A boutique manager, Centaur Asset Management, has beaten more than 100 peers to claim the position as the top-performing multi-asset high-equity fund over the difficult past three years, thanks to shrewd stock-picking and a higher exposure to fixed-interest investments and listed property shares.

The Centaur BCI Balanced Fund was the leading South African multi-asset high-equity fund over the three years to the end of March, with a return of 12.5 percent a year over this period, according to ProfileData.

The manager also manages the Centaur BCI Flexible Fund, the top-performing South African multi-asset flexible fund over five and seven years and the second-best performer over three years to the end of March. The fund achieved a return of 19 percent a year over seven years and 12.98 percent over three years. The manager of both funds, Roger Williams, says the Balanced Fund out-performed because it had a high exposure to listed property, bonds and other fixed-interest investments, and because of shrewd stock-picking of South African listed shares.

Williams says the Balanced Fund’s composite benchmark, which is designed to deliver a real (after-inflation) return of four percent a year, comprises: 28 percent FTSE/JSE All Share Index, 28 percent FTSE/JSE Financial and Industrial Index, 30 percent FTSE/JSE All Bond Index, eight percent MSCI World Index and six percent cash.

At the beginning of 2016, the fund was overweight in bonds and listed property and underweight in equities. This paid off, because the fund’s local equity benchmark delivered zero percent for the year, while the fixed interest portion of the benchmark returned 14 percent.

“Centaur Asset Management, however, managed to deliver double-digit equity returns through shrewd stock-picking. Individual stock picks, such as mining company Merafe Resources and pulp and paper company Sappi, performed particularly well for the fund.”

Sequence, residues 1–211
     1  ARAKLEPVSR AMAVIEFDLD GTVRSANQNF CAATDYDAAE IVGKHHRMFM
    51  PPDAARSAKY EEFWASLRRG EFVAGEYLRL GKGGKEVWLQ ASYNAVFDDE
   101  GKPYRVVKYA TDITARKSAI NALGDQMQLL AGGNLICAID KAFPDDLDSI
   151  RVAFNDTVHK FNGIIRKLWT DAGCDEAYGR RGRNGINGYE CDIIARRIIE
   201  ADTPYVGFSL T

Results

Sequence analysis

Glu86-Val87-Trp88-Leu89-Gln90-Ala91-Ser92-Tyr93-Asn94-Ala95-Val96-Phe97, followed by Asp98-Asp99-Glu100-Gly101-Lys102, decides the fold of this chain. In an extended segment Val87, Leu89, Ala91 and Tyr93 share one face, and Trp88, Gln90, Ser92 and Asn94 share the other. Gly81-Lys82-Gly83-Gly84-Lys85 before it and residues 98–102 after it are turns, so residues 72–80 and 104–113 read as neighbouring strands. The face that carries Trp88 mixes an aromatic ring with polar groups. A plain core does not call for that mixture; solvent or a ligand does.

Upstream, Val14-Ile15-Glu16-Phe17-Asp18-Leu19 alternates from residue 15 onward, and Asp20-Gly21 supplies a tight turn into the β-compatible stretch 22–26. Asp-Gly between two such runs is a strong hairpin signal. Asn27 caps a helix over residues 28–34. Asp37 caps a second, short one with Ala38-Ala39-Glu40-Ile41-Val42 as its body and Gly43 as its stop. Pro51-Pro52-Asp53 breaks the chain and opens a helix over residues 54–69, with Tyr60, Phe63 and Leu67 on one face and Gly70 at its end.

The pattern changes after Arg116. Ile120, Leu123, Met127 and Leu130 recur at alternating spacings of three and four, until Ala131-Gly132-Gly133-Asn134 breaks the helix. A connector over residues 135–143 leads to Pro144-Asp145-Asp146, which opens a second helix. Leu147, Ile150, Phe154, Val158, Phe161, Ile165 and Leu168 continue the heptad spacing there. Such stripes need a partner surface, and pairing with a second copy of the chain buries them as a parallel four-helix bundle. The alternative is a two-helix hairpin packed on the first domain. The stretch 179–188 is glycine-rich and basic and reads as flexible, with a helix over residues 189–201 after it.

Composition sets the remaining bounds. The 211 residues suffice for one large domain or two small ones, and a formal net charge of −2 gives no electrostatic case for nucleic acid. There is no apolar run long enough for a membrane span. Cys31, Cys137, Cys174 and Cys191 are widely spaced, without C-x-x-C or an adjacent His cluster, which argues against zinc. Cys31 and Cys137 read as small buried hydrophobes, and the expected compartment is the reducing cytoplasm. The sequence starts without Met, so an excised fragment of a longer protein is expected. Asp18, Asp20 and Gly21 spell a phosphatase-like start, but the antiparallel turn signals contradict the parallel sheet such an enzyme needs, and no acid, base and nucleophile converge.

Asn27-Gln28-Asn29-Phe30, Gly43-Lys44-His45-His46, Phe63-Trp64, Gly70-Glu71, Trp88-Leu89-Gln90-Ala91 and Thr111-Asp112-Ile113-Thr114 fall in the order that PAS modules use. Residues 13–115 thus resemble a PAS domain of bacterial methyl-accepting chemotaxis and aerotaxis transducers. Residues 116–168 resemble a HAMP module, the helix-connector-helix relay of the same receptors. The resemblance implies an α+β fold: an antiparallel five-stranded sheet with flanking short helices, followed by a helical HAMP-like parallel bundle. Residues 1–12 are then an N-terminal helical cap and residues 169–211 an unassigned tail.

Centaur also benefited from increasing its exposure to resource shares at the beginning of 2016, when the resource sector reached a low, Williams says.

Although Centaur’s investment decisions have paid off for the fund, Williams says the past three years have been difficult time for fund managers, because there have been numerous risks to investing in South African bonds and equities.

At the beginning of last year, following the firing of former finance minister Nhlanhla Nene, the value of the rand relative to the major currencies was falling, inflation was expected to increase, and the economy was not looking good. Many funds therefore chose to have higher weightings in cash, particularly over the past 15 months, he says.

“The investment outlook is difficult, and fund managers are likely to continue to struggle to deliver anything but low real returns from local asset classes. Talk of radical economic transformation and the nationalisation of banks and agricultural land has businesses questioning their future and is retarding investment within industries,” Williams says.

“We are going into unchartered waters. The economic framework is in flux and no one is certain where we are going. In this environment, only a few local companies, such as listed education companies and disruptors such as Capitec, are growing their earnings in real terms.”

The total expense ratio on the Balanced Fund is 2.2 percent.

Williams says that, because the Balanced Fund is “nimbler” and can invest in a broad range of JSE-listed shares, Centaur believes the fund can out-perform its benchmark after-fees and deliver value to investors despite the relatively high expense ratio.